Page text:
“Do whatever He tells you,” were her words to the servants. She didn’t know what He was going to do, or how He would make it happen, but she had no doubt He would fix the problem . . . in spite of the fact that He himself had already told her it wasn’t His time yet. His actions that day hinted at His glory and helped his disciples believe (John 2:11). Her faith in Him inspired theirs.
Does your faith inspire others to believe Jesus is who He says He is?
What did she experience with Him between the Christmas story and the start of His earthly ministry? We have a record of his birth (Lk 2:1-21), a short glimpse of him as a toddler (Mt. 2:11,16), and a story from when he was 12 (Lk 2:41-49). Other than that, the Bible is pretty much silent on the 30 years before He began healing, teaching, and declaring forgiveness to sinners.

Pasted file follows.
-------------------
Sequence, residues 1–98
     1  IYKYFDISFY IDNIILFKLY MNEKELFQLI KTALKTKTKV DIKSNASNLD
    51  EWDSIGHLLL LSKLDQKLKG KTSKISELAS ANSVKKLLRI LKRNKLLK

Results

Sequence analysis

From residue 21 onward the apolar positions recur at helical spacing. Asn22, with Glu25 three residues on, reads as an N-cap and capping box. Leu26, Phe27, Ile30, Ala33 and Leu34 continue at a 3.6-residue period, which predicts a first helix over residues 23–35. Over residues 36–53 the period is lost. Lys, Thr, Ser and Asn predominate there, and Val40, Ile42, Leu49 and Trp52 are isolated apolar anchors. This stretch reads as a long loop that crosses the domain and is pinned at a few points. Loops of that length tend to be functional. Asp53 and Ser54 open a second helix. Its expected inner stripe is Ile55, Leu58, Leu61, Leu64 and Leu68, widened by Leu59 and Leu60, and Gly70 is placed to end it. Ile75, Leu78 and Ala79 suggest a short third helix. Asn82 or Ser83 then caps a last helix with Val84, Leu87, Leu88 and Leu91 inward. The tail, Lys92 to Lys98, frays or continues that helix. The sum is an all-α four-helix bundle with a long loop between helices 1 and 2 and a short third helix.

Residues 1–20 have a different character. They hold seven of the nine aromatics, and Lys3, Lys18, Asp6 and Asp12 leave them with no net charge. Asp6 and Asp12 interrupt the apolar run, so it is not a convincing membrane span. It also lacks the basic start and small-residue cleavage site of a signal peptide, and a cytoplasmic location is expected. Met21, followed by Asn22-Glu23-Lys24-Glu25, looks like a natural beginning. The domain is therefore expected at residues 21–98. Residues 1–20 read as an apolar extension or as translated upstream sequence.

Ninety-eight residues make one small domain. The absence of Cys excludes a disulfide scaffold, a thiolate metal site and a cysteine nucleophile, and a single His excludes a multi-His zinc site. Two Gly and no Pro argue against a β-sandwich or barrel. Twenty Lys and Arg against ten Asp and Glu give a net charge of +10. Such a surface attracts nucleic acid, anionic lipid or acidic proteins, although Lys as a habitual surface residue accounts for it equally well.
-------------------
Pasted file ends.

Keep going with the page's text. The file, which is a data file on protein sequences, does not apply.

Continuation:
I wonder what other stories Mary could tell us about Jesus’ childhood and home life. Luke 2:51 tells us He was an obedient child, but we could easily guess that for ourselves. He was sinless after all. That would seem to make parenting Him easier, and I guess in many respects it did.
However, I surmise that parenting Someone who is infinitely more wise and intelligent than you are would come with its own set of challenges. I know from personal experience what it’s like to have your own child outsmart you!
At what point did she realize who He really was? The angel told her He would be called the Son of God. Luke 2:50 says Mary and Joseph did not understand what Jesus meant when He said He had to tend to His Father’s business, so they apparently did not think he was the Son of God when He was 12. It seems that Jesus already knew, or had some idea at least.